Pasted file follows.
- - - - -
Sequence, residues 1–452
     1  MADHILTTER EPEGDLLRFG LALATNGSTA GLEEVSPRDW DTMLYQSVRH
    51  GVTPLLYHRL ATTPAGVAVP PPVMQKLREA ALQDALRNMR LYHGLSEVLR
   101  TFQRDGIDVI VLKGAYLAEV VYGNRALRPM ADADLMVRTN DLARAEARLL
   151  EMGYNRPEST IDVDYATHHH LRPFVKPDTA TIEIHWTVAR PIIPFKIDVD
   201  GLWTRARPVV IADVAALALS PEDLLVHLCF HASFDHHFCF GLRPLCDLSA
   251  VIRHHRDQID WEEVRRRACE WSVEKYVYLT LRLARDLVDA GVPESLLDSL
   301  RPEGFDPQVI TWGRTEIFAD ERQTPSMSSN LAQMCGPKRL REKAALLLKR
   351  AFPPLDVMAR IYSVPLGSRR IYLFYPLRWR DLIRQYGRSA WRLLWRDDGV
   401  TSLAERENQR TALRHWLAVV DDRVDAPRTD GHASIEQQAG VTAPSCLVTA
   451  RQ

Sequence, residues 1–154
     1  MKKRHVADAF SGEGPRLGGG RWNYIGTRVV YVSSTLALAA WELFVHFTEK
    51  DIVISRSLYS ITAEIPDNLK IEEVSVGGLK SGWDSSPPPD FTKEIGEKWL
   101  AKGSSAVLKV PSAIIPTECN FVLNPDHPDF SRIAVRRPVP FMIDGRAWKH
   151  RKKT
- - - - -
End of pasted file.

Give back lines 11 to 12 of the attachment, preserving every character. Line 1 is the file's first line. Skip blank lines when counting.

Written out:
   451  RQ

Sequence, residues 1–154